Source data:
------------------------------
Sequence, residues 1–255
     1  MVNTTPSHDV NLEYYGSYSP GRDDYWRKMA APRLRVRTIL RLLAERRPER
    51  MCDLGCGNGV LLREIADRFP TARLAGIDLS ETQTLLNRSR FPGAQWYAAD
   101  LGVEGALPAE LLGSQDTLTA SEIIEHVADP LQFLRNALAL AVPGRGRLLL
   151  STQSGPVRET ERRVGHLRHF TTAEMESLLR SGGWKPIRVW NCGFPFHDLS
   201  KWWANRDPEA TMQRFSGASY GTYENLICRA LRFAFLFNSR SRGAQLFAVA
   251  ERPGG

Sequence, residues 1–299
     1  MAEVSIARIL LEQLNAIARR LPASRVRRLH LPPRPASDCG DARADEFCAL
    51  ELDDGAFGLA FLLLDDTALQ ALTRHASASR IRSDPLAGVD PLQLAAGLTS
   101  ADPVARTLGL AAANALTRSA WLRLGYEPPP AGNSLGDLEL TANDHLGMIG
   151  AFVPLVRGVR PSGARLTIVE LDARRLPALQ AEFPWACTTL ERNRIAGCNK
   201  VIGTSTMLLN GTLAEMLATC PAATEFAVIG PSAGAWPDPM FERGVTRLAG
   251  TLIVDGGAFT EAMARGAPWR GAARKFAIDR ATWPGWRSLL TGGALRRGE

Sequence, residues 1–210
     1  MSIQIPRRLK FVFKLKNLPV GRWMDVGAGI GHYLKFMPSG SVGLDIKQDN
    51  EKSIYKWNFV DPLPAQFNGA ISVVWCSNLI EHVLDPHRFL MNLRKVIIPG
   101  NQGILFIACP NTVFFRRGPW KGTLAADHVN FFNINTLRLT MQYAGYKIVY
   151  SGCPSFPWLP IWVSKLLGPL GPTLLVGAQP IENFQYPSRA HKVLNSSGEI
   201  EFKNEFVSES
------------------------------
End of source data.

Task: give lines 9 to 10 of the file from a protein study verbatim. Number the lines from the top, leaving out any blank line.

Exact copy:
     1  MAEVSIARIL LEQLNAIARR LPASRVRRLH LPPRPASDCG DARADEFCAL
    51  ELDDGAFGLA FLLLDDTALQ ALTRHASASR IRSDPLAGVD PLQLAAGLTS